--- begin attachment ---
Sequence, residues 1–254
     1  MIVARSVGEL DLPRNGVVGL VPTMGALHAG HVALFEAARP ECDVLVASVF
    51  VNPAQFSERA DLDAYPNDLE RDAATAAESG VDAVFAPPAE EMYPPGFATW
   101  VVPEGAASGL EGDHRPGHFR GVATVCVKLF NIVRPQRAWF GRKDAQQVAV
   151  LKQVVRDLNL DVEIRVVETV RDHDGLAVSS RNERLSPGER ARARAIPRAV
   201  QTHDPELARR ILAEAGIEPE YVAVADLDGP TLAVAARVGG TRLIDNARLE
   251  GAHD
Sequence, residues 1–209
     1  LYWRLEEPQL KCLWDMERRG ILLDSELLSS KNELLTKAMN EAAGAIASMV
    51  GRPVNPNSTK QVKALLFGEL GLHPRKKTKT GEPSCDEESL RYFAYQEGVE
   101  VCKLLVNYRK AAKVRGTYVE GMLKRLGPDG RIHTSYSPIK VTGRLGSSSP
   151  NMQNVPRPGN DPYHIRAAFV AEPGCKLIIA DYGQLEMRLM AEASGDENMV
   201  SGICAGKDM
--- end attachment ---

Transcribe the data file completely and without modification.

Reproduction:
Sequence, residues 1–254
     1  MIVARSVGEL DLPRNGVVGL VPTMGALHAG HVALFEAARP ECDVLVASVF
    51  VNPAQFSERA DLDAYPNDLE RDAATAAESG VDAVFAPPAE EMYPPGFATW
   101  VVPEGAASGL EGDHRPGHFR GVATVCVKLF NIVRPQRAWF GRKDAQQVAV
   151  LKQVVRDLNL DVEIRVVETV RDHDGLAVSS RNERLSPGER ARARAIPRAV
   201  QTHDPELARR ILAEAGIEPE YVAVADLDGP TLAVAARVGG TRLIDNARLE
   251  GAHD
Sequence, residues 1–209
     1  LYWRLEEPQL KCLWDMERRG ILLDSELLSS KNELLTKAMN EAAGAIASMV
    51  GRPVNPNSTK QVKALLFGEL GLHPRKKTKT GEPSCDEESL RYFAYQEGVE
   101  VCKLLVNYRK AAKVRGTYVE GMLKRLGPDG RIHTSYSPIK VTGRLGSSSP
   151  NMQNVPRPGN DPYHIRAAFV AEPGCKLIIA DYGQLEMRLM AEASGDENMV
   201  SGICAGKDM